Conventional power pick-up is generally based on systems with metal shoes running on rails at ground level, or an overhead pantograph with a carbon block running on a wire. These systems have reached their development limit at approximately 40 m/s. The authors discuss the problems associated with current collection, and the design, construction and testing of rotating brush devices for use with high-speed transit systems. Brass was found to be the most successful brush material, with mild steel also performing well. Test results indicated that a brass brush carrying 500 A at 120 m/s (430 km/h) would last 6500 km; and that if the current density was limited to about 250 A per brush then the mild steel brush could perform equally as well. It is concluded that (1) the feasibility of using rotating wire brushes for current collection at speeds up to 120 m/s has been proven. Whilst wear rates are not excessively low, they are economically acceptable for a system at this early stage of development; (2) improved wear rates should be achieved by concentrating on materials known to be resistant to fracture by repeated bending, and by the use of finer wire gauges; (3) in future development work, the force of interaction between the brush and rail should be studied in order to develop a suitable brush support system. This should preferably be based on a linear rail system. /TRRL/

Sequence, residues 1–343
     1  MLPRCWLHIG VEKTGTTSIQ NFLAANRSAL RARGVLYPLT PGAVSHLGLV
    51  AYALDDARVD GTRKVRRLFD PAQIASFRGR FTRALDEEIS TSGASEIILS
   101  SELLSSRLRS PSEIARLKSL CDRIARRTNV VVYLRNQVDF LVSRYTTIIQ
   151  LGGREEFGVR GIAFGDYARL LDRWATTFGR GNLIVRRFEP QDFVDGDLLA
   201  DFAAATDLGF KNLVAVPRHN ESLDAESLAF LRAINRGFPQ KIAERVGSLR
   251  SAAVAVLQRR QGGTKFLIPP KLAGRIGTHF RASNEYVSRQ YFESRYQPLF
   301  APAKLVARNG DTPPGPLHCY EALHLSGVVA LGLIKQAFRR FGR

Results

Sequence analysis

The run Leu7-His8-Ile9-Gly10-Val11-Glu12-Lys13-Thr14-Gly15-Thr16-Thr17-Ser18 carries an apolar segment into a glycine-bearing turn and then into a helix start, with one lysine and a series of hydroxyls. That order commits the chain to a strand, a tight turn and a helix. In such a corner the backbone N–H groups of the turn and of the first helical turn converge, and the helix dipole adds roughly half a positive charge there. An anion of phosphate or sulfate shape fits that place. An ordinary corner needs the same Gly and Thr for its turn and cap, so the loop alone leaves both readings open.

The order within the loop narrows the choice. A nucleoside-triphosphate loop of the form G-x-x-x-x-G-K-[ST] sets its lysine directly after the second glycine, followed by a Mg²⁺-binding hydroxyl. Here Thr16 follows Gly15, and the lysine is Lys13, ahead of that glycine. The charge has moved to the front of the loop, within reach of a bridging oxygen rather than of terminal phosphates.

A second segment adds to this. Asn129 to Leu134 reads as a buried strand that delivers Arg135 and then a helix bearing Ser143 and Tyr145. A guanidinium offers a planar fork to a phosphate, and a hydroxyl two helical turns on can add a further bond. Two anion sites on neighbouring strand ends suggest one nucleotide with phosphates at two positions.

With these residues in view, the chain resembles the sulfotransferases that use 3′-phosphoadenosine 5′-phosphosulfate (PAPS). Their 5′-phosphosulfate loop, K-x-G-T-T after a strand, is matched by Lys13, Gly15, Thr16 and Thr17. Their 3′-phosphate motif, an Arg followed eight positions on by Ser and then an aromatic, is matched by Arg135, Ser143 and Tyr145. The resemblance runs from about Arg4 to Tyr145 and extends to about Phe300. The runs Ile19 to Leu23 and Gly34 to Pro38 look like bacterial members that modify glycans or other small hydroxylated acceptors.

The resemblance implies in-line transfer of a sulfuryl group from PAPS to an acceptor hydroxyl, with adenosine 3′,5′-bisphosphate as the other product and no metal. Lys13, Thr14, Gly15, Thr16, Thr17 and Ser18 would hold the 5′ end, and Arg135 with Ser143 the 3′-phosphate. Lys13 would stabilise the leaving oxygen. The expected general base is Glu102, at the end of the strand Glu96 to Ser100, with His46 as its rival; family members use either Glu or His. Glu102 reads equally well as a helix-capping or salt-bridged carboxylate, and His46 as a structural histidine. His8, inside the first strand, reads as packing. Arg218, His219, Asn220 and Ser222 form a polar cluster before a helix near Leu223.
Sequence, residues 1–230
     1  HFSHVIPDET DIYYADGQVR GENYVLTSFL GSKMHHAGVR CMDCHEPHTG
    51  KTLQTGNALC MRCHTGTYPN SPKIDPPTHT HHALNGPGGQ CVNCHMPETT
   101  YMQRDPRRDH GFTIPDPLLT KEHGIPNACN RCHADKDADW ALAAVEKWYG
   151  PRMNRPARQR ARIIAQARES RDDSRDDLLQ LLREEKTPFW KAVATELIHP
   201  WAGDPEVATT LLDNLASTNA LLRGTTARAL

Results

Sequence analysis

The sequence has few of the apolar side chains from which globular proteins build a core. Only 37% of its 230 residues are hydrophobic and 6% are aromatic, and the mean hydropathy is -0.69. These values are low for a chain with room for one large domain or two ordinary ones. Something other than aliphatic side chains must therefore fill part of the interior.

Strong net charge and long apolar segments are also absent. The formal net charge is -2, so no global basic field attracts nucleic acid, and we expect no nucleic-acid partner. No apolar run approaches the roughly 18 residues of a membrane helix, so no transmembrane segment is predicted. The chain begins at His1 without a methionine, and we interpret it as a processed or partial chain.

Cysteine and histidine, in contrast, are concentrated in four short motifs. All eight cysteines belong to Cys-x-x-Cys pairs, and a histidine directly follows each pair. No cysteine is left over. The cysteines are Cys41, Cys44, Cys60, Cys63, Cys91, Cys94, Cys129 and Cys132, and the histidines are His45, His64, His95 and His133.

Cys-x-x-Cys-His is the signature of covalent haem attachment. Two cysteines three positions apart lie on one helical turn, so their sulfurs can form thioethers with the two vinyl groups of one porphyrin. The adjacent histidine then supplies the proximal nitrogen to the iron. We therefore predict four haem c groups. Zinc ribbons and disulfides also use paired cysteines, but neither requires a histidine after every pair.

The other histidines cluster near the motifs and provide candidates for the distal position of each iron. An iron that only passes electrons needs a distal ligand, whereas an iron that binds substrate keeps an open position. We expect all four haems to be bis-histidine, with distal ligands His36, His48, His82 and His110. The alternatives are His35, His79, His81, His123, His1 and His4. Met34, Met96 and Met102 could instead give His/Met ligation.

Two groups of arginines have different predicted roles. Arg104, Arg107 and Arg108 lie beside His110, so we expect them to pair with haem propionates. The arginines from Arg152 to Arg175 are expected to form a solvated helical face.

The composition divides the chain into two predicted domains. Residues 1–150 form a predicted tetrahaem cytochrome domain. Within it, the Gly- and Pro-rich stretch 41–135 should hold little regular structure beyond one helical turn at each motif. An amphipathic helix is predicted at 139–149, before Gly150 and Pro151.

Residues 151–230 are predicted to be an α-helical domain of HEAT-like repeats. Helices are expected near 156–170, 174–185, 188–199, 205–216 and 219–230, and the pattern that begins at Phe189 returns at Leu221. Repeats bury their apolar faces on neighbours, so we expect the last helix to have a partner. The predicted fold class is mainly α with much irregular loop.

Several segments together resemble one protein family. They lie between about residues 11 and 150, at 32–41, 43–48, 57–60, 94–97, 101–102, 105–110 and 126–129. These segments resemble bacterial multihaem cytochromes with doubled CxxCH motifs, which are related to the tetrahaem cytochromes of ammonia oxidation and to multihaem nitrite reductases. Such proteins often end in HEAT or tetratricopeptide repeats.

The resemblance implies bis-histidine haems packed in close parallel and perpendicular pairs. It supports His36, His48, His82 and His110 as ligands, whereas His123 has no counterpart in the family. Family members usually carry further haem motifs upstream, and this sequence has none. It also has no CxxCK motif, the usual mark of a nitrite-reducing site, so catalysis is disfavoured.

• Corporate Authors:

    Kalerghi Publications

    51 Welbeck Street
    London W1,   England 
  • Authors:
    • Appleton, A D
    • Bartram, T C
    • MacMichael, DBA
    • Fletcher, G
  • Publication Date: 1976-5

Media Info

  • Features: Figures; Photos; References;
  • Pagination: p. 58-63
  • Serial:

Subject/Index Terms

Filing Info

  • Accession Number: 00141501
  • Record Type: Publication
  • Source Agency: Transport and Road Research Laboratory (TRRL)
  • Files: ITRD, TRIS
  • Created Date: Nov 3 1996 12:00AM